Sen. Hillary Clinton, D-N.Y.
New York Sen. Hillary Clinton has told an Iowa audience that she was deceived on the congressional vote to take military action against Saddam Hussein in Iraq, contradicting an earlier video recording in which she testifies that her decision was made based on her own information and intelligence.
The opposing statements were revealed in a series of recordings, one from a meeting she held with Code Pink, an anti-war organization, in 2003, and the second from statements she made during her weekend visit to Iowa, the state with early presidential race caucuses.
For example, in 2003, she said she supported the war effort because of the sound information and intelligence to which she had access.
“I ended up voting for the resolution after carefully reviewing the information, intelligence that I had available, talking with people whose opinions I trusted, tried to discount the political or other factors that I didn’t believe should be in any way a part of this decision,” she said.
But in 2007, she said Bush tricked her into giving that support.
“So he took the authority that I and others gave him and he misused it, and I regret that deeply. And if we had known then what we know now, there never would have been a vote and I never would have voted to give this president that authority.”
In another instance, on the subject of the U.S. going it alone, in 2003 she said, ” With respect to whose responsibility it is to disarm Saddam Hussein, I just do not believe that, given the attitudes of many people in the world community today, that there would be a willingness to take on very difficult problems, were it not for the United States leadership…”
But in 2007, she said, “I said that we should not go to war unless we have allies.”
On the reason and need for war, in 2003, she said: “There is a very easy way to prevent anyone from being put into harm’s way, that is for Saddam Hussein to disarm. And I have absolutely no belief that he will. I have to say that this is something I’ve followed for more than a decade. If he were serious about disarming, he would have been much more forthcoming.”
But in 2007, it was: “This was his (the president’s) decision to go to war. He went with an ill-conceived plan and an incompetently executed strategy, and we should expect him to extricate our country from this before he leaves office.”
“There are no do-overs in life. I wish there were. You know, I acted on the best judgment that I had at the time, and at the time I said this was not a vote for preemptive war, and the president took my vote and other votes and basically misused the authority we gave him,” she continued.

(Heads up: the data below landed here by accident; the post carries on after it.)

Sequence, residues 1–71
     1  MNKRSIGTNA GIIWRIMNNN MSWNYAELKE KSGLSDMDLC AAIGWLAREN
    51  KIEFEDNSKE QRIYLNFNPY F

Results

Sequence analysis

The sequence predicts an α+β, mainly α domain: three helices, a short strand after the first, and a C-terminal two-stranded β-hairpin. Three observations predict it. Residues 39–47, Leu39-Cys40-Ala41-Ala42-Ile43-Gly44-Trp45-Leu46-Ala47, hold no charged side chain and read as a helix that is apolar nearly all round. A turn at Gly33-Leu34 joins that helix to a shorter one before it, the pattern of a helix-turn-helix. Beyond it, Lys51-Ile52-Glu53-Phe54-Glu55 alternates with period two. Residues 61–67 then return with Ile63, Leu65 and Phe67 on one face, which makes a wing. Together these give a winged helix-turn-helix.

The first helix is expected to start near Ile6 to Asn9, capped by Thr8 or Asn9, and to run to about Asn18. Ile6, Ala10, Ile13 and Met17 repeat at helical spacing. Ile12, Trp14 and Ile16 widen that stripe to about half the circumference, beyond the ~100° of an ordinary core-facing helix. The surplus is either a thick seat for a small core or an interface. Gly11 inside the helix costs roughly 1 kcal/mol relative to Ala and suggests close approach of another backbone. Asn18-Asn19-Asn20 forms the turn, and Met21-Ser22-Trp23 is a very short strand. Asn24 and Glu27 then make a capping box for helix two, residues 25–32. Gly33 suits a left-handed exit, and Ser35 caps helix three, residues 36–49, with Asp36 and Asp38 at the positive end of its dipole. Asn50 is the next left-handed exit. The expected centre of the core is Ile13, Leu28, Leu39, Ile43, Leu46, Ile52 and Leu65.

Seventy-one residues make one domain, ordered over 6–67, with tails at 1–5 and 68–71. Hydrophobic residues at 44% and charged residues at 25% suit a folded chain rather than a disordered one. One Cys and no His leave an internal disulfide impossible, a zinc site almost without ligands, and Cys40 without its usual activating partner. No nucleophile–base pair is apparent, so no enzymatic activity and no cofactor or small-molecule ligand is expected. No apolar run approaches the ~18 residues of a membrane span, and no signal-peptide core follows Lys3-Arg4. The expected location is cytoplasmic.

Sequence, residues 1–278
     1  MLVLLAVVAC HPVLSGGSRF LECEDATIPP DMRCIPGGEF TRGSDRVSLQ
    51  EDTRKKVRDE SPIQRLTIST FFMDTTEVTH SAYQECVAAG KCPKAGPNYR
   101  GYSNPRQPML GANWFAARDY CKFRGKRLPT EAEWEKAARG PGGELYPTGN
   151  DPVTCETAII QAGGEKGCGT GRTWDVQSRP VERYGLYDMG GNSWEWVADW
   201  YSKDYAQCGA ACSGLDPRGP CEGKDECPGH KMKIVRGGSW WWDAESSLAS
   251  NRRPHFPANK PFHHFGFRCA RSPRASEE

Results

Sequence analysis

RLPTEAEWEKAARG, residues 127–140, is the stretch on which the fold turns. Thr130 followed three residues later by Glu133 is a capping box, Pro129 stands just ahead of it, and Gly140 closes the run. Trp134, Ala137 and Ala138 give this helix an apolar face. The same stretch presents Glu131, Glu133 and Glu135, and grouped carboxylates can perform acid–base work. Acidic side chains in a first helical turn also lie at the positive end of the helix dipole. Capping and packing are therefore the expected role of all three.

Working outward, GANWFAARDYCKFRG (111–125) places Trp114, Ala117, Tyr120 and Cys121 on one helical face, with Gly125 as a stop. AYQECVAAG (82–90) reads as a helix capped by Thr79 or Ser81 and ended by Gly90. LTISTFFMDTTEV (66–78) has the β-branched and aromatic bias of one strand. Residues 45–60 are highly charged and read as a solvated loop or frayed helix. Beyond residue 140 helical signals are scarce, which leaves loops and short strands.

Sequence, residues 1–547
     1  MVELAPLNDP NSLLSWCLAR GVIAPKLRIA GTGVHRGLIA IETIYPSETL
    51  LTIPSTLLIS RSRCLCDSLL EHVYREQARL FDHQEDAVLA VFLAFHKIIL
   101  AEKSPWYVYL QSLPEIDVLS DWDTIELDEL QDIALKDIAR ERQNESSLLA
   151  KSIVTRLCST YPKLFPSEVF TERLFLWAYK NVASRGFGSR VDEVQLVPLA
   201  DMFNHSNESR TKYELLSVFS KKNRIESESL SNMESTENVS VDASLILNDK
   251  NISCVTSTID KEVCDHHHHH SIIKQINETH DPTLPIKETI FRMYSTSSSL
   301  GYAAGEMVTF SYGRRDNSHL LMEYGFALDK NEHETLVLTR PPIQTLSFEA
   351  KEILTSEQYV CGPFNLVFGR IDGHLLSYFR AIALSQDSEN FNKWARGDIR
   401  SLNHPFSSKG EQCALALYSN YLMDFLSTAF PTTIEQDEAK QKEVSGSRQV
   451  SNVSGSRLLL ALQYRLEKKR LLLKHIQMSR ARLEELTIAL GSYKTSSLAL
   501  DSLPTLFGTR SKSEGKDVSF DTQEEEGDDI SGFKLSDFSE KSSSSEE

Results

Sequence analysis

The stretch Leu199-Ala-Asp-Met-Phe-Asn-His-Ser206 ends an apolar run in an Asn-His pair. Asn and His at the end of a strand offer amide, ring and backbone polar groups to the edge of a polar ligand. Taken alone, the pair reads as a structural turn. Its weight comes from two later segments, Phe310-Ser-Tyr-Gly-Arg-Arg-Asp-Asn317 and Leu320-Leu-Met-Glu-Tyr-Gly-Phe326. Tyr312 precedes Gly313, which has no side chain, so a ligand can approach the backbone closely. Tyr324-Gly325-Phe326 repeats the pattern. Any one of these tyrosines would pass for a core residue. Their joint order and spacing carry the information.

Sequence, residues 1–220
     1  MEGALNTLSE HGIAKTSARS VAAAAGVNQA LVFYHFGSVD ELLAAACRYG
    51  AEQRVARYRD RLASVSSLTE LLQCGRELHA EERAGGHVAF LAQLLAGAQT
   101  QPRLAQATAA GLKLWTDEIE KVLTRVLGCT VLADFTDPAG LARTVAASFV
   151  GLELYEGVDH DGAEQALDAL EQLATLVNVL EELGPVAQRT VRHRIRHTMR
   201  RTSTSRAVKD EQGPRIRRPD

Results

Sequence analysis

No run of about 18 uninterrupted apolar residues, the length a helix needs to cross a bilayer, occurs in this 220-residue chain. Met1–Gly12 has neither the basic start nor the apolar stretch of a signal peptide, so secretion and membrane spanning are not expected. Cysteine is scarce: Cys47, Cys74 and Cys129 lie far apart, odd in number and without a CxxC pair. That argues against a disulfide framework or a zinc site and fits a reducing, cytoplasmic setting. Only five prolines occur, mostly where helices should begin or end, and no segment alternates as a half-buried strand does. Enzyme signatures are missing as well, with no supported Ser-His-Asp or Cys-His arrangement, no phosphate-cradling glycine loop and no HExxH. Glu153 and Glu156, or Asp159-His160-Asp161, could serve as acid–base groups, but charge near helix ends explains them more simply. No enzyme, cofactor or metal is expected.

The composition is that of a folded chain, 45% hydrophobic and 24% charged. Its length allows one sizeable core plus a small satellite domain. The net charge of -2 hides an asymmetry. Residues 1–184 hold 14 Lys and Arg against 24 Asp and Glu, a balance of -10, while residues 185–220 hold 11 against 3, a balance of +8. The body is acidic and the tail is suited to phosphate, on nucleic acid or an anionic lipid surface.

The actual resolution on which Clinton voted noted that Iraq had violated a United Nations agreement to cease fire and eliminate its nuclear, biological and chemical weapons programs, and “in direct and flagrant violation of the cease-fire” tried to hide its weapons.
And since “Congress concluded that Iraq’s continuing weapons of mass destruction programs threatened vital United States interests and international peace and security,” the resolution “urged the president to take appropriate action, in accordance with the Constitution and relevant laws of the United States, to bring Iraq into compliance with its international obligations.”
And the congressional approval noted the U.N. already had authorized “the use of all necessary means to enforce United Nations Security Council Resolution 660 (1990) and subsequent relevant resolutions and to compel Iraq to cease certain activities that threaten international peace and security, including the development of weapons of mass destruction and refusal or obstruction of United Nations weapons inspections…”
Congress’ own approval came in a statement that read: “The president is authorized to use the Armed Forces of the United States as he determines to be necessary and appropriate in order to (1) defend the national security of the United States against the continuing threat posed by Iraq; and (2) enforce all relevant United Nations Security Council resolutions regarding Iraq.”
Over the weekend in Iowa, Clinton said she resents the fact that George Bush won’t have the war on terror wrapped up before the next president takes office. “I think it’s the height of irresponsibility and I really resent it.”
It was some months ago that Clinton started admitting that she thought her vote for the war was a mistake – in an apparent attempt to pacify the left wing of the Democrat Party.
She has insisted she was misled by “false” information about Iraq and its weapons, and she charged the U.S. acted before the U.N. had an opportunity.
Picking her ground carefully, she has said: “I have continually raised doubts about the President’s claims, lack of planning and execution of the war – while standing firmly in support of our troops.”
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